La Luz y la Sombra
The beautiful video imagery from Day of the Dead in Oaxaca floats as projection through multiple layers of fabric, each leaving traces of shadows upon the layer behind. Walking through and between the layers, visitors are surrounded by the light and imagery of the video. As they walk towards the light or towards the darkness, their own shadows become a part of the installation. Music and sounds of the villages, synchronized with the imagery, fill the senses, creating a surreal environment in celebration of the Day of the Dead. Visitors are able to enter the gallery at any time during the film’s 20-minute loop, which makes each person’s experience unique, yet equally powerful experience.
Here in the U.S., we tend to avoid the subject of death, especially the thought of our own demise. We embalm and entomb our dead in the thought that their bodies will remain unchanged. It seems that we try to fool ourselves into thinking that if we don’t look at death then maybe it won’t really come.
In my years of traveling to Oaxaca, I noticed that death and danger are an accepted part of every day life. The iconic image of “La Calavera Catrina,” the humorous, elegant skeleton dressed in fancy clothes, is ubiquitous. With roots in pre-Hispanic traditions, the Day of the Dead (November 1-2) has been blended with Christian customs and is a major holiday throughout Latin America. Details of festival celebrations vary from country to country, region to region and even village to village. In much of southern Mexico, Day of the Dead is the most important and colorful celebration of the year.
My Oaxacan friends talk cheerfully about “Los Muertos” describing the large sand paintings and elaborate altars set for the festival when the dead return to party with the living. I am captivated by stories and photos of people sitting graveside at 2 a.m. to share memories of their departed family members, play cards and picnic among the graves. It is a time that is simultaneously joyous and sad, painful and beautiful.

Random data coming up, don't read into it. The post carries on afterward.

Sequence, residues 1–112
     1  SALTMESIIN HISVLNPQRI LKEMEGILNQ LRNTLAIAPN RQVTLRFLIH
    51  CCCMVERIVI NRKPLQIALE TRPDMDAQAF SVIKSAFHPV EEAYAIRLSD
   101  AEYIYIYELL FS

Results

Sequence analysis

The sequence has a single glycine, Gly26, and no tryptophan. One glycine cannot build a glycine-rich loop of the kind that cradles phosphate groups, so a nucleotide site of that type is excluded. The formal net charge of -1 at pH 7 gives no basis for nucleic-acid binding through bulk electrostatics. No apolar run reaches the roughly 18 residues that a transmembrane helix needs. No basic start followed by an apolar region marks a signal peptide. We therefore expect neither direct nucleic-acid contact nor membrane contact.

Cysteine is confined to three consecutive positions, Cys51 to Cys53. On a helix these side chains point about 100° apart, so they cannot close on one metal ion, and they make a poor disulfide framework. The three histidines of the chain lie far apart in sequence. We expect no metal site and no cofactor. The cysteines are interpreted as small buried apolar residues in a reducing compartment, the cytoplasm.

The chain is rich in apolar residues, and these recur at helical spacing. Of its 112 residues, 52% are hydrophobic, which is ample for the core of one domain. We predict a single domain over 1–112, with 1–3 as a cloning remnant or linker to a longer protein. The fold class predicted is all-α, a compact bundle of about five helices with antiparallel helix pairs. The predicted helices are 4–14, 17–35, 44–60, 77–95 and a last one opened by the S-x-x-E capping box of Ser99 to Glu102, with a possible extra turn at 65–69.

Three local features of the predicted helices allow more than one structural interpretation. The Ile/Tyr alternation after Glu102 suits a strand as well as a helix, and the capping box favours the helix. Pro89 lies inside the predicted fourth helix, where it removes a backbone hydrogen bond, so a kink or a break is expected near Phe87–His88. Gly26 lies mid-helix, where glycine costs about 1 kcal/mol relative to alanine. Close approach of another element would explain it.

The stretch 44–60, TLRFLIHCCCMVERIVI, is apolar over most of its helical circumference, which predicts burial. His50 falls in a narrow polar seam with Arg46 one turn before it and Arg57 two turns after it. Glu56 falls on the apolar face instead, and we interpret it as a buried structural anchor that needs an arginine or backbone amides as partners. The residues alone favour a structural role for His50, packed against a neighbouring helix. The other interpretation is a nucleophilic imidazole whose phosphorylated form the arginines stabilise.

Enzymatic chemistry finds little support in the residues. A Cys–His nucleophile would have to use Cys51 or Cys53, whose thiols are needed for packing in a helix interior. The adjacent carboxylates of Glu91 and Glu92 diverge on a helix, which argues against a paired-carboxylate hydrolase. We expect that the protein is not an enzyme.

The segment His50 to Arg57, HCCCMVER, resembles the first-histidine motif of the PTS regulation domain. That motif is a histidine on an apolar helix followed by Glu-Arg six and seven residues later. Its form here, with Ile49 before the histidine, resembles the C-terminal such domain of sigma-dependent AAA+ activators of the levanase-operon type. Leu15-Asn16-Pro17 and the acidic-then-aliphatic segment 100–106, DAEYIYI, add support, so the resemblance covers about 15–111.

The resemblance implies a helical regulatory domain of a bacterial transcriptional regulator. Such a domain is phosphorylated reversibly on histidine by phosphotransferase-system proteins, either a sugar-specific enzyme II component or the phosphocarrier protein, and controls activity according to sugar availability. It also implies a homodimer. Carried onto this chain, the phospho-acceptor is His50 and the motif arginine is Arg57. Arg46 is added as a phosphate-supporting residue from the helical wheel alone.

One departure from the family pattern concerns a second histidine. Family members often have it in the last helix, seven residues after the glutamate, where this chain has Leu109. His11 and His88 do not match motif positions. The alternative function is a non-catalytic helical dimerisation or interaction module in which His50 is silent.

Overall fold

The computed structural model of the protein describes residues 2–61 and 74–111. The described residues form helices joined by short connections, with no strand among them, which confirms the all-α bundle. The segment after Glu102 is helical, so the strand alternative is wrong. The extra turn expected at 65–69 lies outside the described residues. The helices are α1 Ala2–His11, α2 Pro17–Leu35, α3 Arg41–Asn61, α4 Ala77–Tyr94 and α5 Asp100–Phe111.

La luz y sombra shares the experience of Day of the Dead as a beautiful and poetic alternative view that embraces death and our relationship to our loved ones who have passed.
Spending a few days each year acknowledging and honoring death and the dead emphasizes the importance of enjoying life deeply by reminding us that we will not be here forever.
I hope the installation shares the magic of that surreal space between joy and sadness, life and death.
ABOUT THE TEXTILES IN THE EXHIBITION
Since 2004, I have worked with artisans in the central valleys of Oaxaca and have been inspired by the rich exchange of ideas and culture through collaborating, teaching, and learning together. All the fabrics in this exhibition were commissioned from Oaxacan textile artisans.
I designed the cloths, spaces and imagery with specific projection details in mind, working with the qualities of reflection, opacity and density in the yarn selection, weave structure and added objects in order to play with the light and shadow of the projected images. The family celebrations of Rodrigo and Miriam, who made the textiles for this exhibition, are part of the story projected on the cloths.
Embroidered and embellished metallic silk organza
Embroidery and crochet by Miriam Campos – San Antonino, Oaxaca, Mexico
Pulled-thread and embellished cotton
Pulled-thread and crochet by Miriam Campos – San Antonino, Oaxaca, Mexico
Hand woven, hand dyed Tencel
Woven by Rodrigo Hernandez Quero - San Pablo de Mitla, Oaxaca, Mexico
MUSIC IN THE EXHIBITION
Galleries interested in exhibiting La Luz y La Sombra
Contact: Carolyn Kallenborn